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Iceberg Lake

[Glacier National Park, MT] 

Waking up on Sunday was great because the half marathon was done but also because we were just done with our last night in a tipi. I am grateful for the experience and it was definitely a unique way to spend the night, but there were two majors reasons that a 4th night in a tipi would have tested all of us:

  1. The temperature. The tipi is open on the top (unless it rains) to provide ventilation for the camp fire in the middle, and on the bottom – we slept on the grass. It got down into the 30s (2-3 C) at night, so that meant a really cold tipi. The camp fire in the  middle is nice, but someone needs to keep putting wood in in overnight, and it also smoked a lot, ventilation and all.
  2. The ground squirrels. These little cute rodents were going back in their holes in the ground at night, but during the day, they had free reign of the place, and we did not appreciate them leaving is little pellets of poop on our bedding or nibbling on books, flip flops, sleeping mats or anything else left in the tipi.

When Olivia first suggested we make alternate sleeping arrangements after the first night, we shot her down. How dare she suggest – we were tougher than this. However, last night, tired from the half marathon and facing another night in a tipi, we decided to book a hotel room in Great Falls for tonight. Everyone else was flying out on Monday except myself and Laura, so it would bring them very close to the airport; May would be 2 hours closer to her home in Colorado, and Laura and I would have a chance to exchange our rental car – our windshield crack kept spreading. It seemed like a great idea, so we booked two rooms at a Holiday Inn in Great Falls.

On Sunday, we took some final farewell photos at the Logepole tipi village. There was a sign that said “No photos allowed”. Since our friend May is a photo fiend, that was a perfect spot for a funny photo. We took a carefully orchestrated photo there taking photos in front of the sign forbidding photos (we had permission, since we were paid campers).

The plan for the day was go into the park to complete the challenge hike. National park races are tough in and of themselves due to altitude and elevation changes, but what makes them even more challenging is the option to complete a strenuous hike within the national park within 72 hours of the race. The race organizers give us 3-4 options to pick from, and we have to take a picture at the top with our medal and bib to submit. Completing this challenge would give us a discount to a future race, not to mention a feature on the race organizers’ website and bragging rights. Of the 4 hikes we could do to complete the challenge, we picked Iceberg Lake.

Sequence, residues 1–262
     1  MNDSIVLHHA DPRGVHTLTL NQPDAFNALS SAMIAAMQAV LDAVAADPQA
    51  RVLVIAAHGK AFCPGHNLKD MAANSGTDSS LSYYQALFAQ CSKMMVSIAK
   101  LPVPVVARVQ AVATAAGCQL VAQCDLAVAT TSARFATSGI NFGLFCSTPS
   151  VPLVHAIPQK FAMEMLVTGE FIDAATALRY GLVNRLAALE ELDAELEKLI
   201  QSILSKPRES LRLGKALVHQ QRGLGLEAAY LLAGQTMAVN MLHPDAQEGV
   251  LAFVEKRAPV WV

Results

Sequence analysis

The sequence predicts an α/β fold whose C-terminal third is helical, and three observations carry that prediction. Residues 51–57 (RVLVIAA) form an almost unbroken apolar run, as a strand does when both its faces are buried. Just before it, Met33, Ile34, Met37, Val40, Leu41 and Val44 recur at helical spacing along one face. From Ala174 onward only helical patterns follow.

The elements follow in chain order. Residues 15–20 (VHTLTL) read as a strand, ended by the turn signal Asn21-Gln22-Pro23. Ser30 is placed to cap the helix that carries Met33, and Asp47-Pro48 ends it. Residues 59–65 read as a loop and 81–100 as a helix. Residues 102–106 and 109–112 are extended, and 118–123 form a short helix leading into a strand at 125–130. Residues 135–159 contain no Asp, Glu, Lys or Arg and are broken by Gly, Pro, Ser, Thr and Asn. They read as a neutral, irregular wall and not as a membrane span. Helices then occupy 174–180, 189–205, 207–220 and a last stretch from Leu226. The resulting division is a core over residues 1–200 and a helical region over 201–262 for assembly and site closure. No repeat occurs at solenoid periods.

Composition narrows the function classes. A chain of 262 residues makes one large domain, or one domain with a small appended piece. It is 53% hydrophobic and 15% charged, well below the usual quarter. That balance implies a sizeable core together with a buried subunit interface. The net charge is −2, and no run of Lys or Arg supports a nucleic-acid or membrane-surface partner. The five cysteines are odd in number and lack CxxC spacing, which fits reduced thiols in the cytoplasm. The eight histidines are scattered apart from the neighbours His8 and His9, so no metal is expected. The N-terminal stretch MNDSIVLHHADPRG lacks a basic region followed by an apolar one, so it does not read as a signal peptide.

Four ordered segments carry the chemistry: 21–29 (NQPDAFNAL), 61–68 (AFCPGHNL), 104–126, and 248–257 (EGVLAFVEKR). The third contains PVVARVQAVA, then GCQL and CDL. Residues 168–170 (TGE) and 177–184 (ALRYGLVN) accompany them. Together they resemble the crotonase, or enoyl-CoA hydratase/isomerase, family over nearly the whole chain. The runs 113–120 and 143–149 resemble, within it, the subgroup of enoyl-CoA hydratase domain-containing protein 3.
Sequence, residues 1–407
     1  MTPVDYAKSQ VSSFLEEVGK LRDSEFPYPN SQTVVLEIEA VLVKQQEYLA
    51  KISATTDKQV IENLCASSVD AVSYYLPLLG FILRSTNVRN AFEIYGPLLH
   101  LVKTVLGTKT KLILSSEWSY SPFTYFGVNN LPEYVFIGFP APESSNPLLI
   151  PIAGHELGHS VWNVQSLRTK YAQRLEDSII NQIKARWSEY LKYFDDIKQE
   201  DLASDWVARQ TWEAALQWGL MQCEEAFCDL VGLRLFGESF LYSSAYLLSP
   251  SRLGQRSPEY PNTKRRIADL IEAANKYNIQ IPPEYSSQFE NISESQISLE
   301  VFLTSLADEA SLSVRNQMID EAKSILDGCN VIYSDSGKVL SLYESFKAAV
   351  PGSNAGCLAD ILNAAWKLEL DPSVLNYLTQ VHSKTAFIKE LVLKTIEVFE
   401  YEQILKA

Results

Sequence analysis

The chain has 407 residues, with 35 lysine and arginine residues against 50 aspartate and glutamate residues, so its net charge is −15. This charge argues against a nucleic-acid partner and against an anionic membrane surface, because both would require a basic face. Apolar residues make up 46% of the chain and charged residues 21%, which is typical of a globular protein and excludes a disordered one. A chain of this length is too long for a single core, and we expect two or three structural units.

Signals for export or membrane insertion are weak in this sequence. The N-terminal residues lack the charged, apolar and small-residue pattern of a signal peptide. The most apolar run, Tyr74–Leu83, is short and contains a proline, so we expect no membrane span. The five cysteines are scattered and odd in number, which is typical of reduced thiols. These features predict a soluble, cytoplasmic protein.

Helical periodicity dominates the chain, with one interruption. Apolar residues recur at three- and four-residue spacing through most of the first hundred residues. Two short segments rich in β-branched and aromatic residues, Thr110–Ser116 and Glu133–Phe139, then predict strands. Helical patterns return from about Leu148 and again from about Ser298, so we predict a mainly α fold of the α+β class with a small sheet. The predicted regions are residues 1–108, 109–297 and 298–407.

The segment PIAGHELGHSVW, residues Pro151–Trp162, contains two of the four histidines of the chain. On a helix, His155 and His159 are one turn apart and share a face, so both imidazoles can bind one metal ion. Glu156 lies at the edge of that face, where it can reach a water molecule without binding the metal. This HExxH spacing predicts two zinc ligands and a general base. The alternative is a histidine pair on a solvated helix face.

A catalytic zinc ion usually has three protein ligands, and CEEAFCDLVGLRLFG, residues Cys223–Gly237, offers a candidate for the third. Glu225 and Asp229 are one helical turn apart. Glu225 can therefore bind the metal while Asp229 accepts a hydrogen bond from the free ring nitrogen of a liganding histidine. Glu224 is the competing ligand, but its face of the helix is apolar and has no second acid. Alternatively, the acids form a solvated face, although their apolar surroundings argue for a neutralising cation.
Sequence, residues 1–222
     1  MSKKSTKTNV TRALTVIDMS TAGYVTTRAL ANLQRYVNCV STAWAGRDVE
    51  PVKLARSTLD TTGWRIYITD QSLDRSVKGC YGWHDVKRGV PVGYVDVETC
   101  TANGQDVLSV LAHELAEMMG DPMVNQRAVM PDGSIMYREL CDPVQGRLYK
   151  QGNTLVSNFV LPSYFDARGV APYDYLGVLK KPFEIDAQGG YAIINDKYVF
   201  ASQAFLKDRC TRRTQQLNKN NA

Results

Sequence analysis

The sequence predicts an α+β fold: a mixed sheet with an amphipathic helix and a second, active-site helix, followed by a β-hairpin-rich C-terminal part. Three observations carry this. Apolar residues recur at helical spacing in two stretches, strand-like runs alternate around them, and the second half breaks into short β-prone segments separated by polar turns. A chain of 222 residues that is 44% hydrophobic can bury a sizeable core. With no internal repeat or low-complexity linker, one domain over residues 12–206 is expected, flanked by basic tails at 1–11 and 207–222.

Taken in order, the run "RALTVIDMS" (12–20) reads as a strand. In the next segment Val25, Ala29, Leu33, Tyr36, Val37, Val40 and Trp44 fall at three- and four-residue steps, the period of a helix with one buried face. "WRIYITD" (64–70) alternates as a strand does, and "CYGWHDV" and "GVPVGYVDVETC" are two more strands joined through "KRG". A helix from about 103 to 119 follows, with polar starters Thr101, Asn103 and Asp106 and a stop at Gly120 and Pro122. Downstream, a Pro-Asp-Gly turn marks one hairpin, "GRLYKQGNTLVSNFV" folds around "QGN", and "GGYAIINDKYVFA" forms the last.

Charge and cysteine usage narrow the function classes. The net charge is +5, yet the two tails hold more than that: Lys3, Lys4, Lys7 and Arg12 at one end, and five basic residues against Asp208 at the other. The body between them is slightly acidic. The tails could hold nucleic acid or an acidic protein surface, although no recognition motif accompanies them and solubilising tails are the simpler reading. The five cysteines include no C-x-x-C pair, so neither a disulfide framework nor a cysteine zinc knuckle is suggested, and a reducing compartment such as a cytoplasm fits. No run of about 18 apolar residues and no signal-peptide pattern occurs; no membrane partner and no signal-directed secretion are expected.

On the way there, we stopped at the national park entrance to take a photo at the sign, and to marvel at the perfectly calm surface of Many Glacier lake.

Located in the Many Glacier area on the East side of the park, Iceberg Lake is a moderate hike going up 1200 ft in elevation over almost 5 miles. This is not a lot of elevation for such a distance, and we found the grade being gentle on our tired legs.

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The beginning of the hike was gorgeous – we skirted the edge of a valley overlooking amazing rocks all around. The tall blooming flowers with the white puffs are called bear grass.

 

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We stopped for lunch at a waterfall, and we had to fight off those same ground squirrels off our lunch!

As we got higher in elevation, we started seeing patches of slushy snow we had to go through. That meant we were getting close!

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Iceberg Lake as amazing place to see. It was the end of June, and most of the lake was still frozen. The little bit of water that had melted on the edge was so cold! So what do we do? We take off our socks and shoes and wade in it! 🙂 Linda, one of the gals in our group of 9, jumped right in, clothes on and all, and dove under the ice!!! We took photos with our bibs and medals, and had a nice time just relaxing and enjoying this amazing place.

The hike down went by quickly, although it got hot. On the way down, we saw what looked like mountain goat traipsing through the snow high above us. This is a photo of them taken with my 30X super zoom, and they still look like ants.

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We were almost back down to the trailhead when we stumbled upon a couple standing in silence on the trail, starting off to the side. One of them lifted his finger to his mouth, making the universal sign for “be quiet”, and pointed to where they were looking. There was a deer there casually eating some grass. She didn’t seem to be bothered by us and kept grazing. We all stood there, watching.

Once we got down, we decided to have dinner at the nearby Many Glacier hotel. This was another hotel built by the Great Northern Railway company and it was built in 1915. It is situated right on Swiftcurrent lake and the views behind it are amazing! The lobby has photos of the park’s glaciers taken at the beginning of the 20th century and now – the difference is striking! We had a great dinner here. On our way back to our cars, we saw some horses being taken home after a day of horse back rides in the park.

The drive the Great Falls took 3 hours. We were exhausted by the time we got there, and it was late, but we did take advantage of the jacuzzi. The tipis seemed like a distant memory!

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This concludes the Glacier National Park portion of the trip – Laura and I are headed to Yellowstone tomorrow!

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